[Minor edits 12/25/09]
The 17th Light Dragoons was one of two regiments of horse that the British dispatched to North America during the American Revolution. The 17th was sent to Boston and dismounted volunteers of the regiment served at Bunker Hill (1775). The following year, the regiment accompanied William Howe to New York and led the nighttime flanking march preceding the battle of Long Island (1776). At White Plains (1776), the regiment attacked the retreating Americans in what was probably the first cavalry charge of the war. The regiment was also at Fort Washington (1776), albeit in a minor capacity. The following year, the regiment participated in operations around New York, including the Danbury raid (1777), and the capture of Forts Clinton and Montgomery (1777). In the winter of 1777-1778, the regiment was with Howe at Philadelphia, and detachments saw action at White Marsh (1777), Crooked Billet (1778), and Barren Hill (1778). As the war shifted back to New York, the regiment was present at Monmouth (1778), New Jersey, and Pound Ridge (1778), New York. At the end of 1778, the 16th Light Dragoons was returned to England and the able horses and enlisted men were drafted into the 17th. In December, 1779, a part of the regiment accompanied Henry Clinton to South Carolina and participated in the siege of Charleston (1780), Monck's Corner (1780), Lenud's Ferry (1780), and Waxhaws (1780). Another part remained in New York and participated in Knyphausen's raid into New Jersey and saw action at New Bridge (1780). The detachment in the South returned to New York after the battle of Waxhaws; another detachment, however, was sent to South Carolina in January, 1781, where it subsequently suffered heavily at Cowpens (1781). Some members of the 17th were also present at Yorktown (1781), where Banastre Tarleton credited them with rescuing him during an engagement with Lauzun's hussars and lancers.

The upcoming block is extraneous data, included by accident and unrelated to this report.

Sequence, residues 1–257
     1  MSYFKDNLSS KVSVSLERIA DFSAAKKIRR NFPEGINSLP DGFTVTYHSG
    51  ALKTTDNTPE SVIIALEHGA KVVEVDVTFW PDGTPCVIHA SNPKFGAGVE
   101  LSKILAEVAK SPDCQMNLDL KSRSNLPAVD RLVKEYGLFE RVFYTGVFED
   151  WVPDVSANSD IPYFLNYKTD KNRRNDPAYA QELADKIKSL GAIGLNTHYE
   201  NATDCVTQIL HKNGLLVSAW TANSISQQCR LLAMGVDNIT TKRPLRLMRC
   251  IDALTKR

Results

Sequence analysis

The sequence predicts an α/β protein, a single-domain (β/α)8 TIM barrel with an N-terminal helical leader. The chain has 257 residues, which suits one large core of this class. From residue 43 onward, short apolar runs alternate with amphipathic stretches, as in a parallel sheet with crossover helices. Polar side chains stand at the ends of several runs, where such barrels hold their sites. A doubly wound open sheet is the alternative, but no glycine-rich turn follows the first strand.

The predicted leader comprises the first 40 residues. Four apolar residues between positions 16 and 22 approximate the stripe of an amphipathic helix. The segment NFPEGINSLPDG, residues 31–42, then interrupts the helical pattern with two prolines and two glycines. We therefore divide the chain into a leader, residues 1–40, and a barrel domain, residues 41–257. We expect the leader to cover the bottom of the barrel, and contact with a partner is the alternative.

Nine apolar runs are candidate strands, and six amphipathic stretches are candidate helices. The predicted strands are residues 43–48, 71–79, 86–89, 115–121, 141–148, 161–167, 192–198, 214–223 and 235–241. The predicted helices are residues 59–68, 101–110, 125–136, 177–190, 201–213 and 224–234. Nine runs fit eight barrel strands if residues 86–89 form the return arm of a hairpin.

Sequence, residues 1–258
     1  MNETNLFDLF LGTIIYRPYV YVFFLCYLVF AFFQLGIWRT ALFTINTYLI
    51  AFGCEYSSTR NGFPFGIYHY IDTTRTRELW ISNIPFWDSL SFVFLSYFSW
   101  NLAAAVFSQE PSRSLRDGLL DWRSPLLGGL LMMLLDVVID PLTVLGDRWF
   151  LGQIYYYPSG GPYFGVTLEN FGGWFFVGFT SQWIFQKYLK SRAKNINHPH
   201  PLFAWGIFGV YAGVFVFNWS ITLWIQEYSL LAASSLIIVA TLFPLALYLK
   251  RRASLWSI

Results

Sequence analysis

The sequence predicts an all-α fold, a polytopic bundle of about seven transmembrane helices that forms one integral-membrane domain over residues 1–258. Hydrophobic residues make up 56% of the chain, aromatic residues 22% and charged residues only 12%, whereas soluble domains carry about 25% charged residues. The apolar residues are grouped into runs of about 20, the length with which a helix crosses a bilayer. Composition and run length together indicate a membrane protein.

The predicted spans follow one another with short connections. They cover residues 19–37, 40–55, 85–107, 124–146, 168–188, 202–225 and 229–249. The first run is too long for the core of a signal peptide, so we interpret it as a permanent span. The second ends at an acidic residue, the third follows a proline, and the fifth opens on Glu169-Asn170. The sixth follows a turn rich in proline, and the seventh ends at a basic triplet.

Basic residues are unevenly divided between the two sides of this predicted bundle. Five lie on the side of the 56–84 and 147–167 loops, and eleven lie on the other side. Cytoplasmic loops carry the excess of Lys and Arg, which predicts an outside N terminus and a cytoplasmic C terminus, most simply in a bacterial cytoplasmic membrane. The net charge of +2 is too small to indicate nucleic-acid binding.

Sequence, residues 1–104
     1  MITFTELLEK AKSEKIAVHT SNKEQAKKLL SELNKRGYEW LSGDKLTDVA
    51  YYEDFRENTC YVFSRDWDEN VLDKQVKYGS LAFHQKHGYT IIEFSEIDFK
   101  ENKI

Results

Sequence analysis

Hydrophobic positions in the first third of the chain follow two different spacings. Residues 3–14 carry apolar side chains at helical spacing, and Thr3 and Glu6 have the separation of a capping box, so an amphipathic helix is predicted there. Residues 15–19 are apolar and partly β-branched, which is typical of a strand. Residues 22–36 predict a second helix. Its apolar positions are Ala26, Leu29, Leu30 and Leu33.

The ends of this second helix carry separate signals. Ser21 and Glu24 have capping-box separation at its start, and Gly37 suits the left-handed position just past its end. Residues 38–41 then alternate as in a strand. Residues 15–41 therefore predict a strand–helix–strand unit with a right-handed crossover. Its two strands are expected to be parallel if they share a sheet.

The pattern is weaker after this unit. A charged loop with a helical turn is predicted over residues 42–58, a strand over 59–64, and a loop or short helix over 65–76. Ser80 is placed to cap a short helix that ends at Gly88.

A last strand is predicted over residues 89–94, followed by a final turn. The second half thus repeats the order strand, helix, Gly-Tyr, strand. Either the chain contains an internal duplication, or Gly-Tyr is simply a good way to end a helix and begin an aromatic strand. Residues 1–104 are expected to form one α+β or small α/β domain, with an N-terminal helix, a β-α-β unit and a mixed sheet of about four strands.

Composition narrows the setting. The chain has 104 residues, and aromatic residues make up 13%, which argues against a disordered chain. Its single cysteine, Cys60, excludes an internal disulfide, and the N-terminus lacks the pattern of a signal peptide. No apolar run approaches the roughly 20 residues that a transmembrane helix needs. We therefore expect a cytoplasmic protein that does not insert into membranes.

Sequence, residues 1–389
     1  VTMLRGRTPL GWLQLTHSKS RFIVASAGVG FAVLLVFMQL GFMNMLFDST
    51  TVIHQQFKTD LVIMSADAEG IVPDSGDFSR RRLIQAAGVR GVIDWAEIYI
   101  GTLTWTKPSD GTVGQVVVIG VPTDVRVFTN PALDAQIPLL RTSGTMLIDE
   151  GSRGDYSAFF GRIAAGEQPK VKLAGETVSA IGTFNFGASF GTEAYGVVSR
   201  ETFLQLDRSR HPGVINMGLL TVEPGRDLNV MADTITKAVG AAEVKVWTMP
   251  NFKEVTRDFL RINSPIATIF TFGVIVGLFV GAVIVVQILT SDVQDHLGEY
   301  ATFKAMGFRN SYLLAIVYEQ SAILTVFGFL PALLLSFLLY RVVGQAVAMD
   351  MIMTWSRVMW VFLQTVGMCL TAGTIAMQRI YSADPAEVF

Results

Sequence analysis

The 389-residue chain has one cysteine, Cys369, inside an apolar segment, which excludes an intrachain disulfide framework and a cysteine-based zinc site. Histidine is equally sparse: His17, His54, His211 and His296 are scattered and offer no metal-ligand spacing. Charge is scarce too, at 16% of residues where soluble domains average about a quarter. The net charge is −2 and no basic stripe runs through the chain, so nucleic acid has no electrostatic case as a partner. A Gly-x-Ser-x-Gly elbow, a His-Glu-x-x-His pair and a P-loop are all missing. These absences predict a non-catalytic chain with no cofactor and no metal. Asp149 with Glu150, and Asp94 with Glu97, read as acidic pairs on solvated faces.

Cornet James Simmons of the American 3rd Light Dragoons remembered that at Cowpens the 17th “wore a uniform of red and buff, with Sheep Skin, on their caps.” The official facing color of the regiment was white. Don Troiani has completed a couple of paintings depicting the 17th at the time of Cowpens (here and here).
Thomas Balch (1857). Papers Relating Chiefly to the Maryland Line During the Revolution. Balch's book has a transcription of Simons' letter to William Washington. His book can be downloaded from this site.
Richard Cannon (1841). Historical Record of the Seventeenth Regiment of Light Dragoons-- Lancers.
Philip R. N. Katcher (1973). Encyclopedia of British, Provincial, and German Army Units 1775-1783. Stackpole Books.
The recreated 17th Light Dragoons have a very informative website, which can be found here.